The legendary Cunard Queen Elizabeth 2 on the Hudson River in New York City, October 16, 2008, as she departs for the final time.

28 March, 2010

So Far From the Clyde

Mark Knopfler, lead singer and guitarist from the legendary band Dire Straights has a new solo album, themed about blue collar life in the Highlands of Scotland.  This haunting song is one of his best and is a reminder to all of what COULD happen to QE2 someday. 

Mark is no stranger to writing music befitting life in Scotland.  He composed the soundtrack to "Local Hero,"  a cult classic movie about a Scottish fishing village about to be developed into a oil refinery for the North Sea.  "Going Home" is my favorite instrumental track on the soundtrack and was previously featured on my YouTube posting of the same name.  According to Mark's website, he spend time in Glasgow until he was eight, and then moved to Newcastle on the Tyne.  Obviously, he has expressed his deep affection for Scotland in his music.  I suspect he is watching what is happening to QE2, the last great ship built on the Clyde and would NOT want her beached in Alang.   

RMS Titanic Exhibit

The RMS Titanic, Inc., the organization that recovered artifacts from the Titanic wreck site has several traveling exhibitions.  We visited the exhibition that is currently in our area at Foxwoods Casino.  I had seen this exhibit back in 1999 while in Las Vegas, but Ryan had not.  Unfortunately, this exhibit pales in comparison to the much larger version in Las Vegas at the Luxor.  For instance, missing was the large piece of the hull that was recovered and well as a great deal of the artifacts.  Photography was not allowed.  One unique display, which we were told had never been on display, were samples of the hull rivits, which have been analyized and found to have contributed to the sinkings since they were formed with inferior steel.  This finding has been recently reported and had these rivits been sufficiently strong, the hull breaching probably would have been minimized and the ship may have been able to remain afloat.  Testing procedures for steel had not yet been standardized at the time of construction.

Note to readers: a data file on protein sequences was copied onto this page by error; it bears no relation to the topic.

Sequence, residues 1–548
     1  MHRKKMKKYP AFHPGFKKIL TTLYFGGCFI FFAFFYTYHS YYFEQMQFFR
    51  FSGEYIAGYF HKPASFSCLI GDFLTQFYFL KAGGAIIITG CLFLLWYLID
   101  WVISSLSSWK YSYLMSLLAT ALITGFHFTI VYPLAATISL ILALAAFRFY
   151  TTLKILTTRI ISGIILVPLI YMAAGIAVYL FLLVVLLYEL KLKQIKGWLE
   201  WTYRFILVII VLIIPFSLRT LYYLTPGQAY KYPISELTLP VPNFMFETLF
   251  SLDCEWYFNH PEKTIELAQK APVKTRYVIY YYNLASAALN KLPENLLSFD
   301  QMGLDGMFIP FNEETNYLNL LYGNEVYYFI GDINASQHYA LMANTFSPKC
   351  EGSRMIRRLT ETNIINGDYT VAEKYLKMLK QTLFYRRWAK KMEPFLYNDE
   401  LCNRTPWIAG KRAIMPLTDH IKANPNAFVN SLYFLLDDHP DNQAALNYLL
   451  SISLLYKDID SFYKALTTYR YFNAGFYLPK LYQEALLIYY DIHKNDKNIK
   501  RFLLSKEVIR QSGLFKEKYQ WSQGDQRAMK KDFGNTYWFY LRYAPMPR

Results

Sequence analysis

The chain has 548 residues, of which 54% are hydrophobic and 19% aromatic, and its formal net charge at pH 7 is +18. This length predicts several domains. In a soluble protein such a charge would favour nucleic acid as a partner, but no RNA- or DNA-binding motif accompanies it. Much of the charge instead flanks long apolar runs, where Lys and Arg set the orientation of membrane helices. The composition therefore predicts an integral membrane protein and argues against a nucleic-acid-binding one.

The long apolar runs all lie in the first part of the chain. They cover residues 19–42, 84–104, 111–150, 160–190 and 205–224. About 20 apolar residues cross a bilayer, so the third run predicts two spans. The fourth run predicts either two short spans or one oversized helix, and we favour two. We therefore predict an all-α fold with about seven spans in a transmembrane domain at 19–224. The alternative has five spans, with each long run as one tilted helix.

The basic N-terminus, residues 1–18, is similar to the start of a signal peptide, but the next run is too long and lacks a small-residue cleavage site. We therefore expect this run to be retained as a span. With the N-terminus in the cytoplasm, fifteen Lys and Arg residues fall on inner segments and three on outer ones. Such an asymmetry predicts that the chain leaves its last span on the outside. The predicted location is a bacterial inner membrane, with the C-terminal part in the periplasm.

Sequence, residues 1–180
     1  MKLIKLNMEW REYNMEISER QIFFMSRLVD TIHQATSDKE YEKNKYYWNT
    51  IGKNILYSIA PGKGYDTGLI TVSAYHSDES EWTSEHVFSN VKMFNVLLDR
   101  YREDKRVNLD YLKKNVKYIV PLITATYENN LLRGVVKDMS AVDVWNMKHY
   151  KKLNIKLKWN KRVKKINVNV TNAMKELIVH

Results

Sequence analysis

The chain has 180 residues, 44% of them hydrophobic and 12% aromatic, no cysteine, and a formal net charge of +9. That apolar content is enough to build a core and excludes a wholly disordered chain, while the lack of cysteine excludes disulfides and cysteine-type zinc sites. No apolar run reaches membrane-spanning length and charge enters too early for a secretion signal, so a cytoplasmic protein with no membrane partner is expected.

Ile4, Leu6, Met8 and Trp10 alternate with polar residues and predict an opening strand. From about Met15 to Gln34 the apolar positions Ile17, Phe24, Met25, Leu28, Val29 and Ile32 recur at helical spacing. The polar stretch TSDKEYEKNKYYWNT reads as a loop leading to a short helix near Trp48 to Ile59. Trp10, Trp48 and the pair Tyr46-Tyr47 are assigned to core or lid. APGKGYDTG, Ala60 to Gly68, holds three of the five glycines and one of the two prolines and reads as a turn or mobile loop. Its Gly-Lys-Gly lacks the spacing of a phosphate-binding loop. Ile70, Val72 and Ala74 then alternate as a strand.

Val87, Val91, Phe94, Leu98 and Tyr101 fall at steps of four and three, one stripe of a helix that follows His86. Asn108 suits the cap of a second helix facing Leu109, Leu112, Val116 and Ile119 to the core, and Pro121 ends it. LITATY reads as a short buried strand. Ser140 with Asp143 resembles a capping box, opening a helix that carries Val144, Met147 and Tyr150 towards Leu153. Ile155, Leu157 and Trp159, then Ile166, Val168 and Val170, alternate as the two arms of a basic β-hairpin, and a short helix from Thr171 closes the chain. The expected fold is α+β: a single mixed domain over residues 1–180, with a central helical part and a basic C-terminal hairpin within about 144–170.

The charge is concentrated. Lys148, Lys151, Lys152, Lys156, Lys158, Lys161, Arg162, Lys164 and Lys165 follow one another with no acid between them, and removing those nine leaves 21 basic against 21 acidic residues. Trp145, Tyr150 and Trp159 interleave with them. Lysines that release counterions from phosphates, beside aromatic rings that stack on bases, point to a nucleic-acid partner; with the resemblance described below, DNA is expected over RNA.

As you enter the exhibit, you are given boarding passes of actual passengers.  At the end of the exhibit, there is a display listing all of the passengers, by class, and you can look up your name to see if you survived.  Graphically, it was easy to see if you were in Third Class, you were unlikely to have survived.  Our passengers assigned to us were Archibald Gracie and Paul Chevre.

One interesting exhibit was a refrigerated block of ice, recreating an iceberg.  You could go up to it and touch it.  The guide mentioned that the seawater was actually a few degrees colder than the sample iceberg and that almost all of the passengers that entered the water died from hypothermia.  Another interesting exhibit, towards the end of the tour, were samples of perfume bottles.  The showcase had openings in the plexiglass and you could still smell the scent of the perfume.  As we made it to the final passenger list display, we found out that both of us had survived!  Exiting the exhibit, you enter the gift shop, which had a nice collection of Titanic books, samples of actual coal recovered from the ship, posters, shirts, and replicas of crockery used onboard Titanic.

We would recommend going to the exhibit, but spend the extra five dollars and take the audio commentary, which adds so much more to the experience.  The exhibit left me wanting to see more, but then again, I had seen the more complete version before.  It truly is remarkable to see how well preserved the recovered artifacts on display are in.  It is also a bit morbid to see the clothes and personal effects of the passengers, which is a grim reminder of the grave loss of life that occured on April 15, 1912.  The loss of the Titanic resulted in the creation of ice patrols and Safety of Life at Sea (SOLAS) regulations which affect construction and operation of all passenger ships to this day.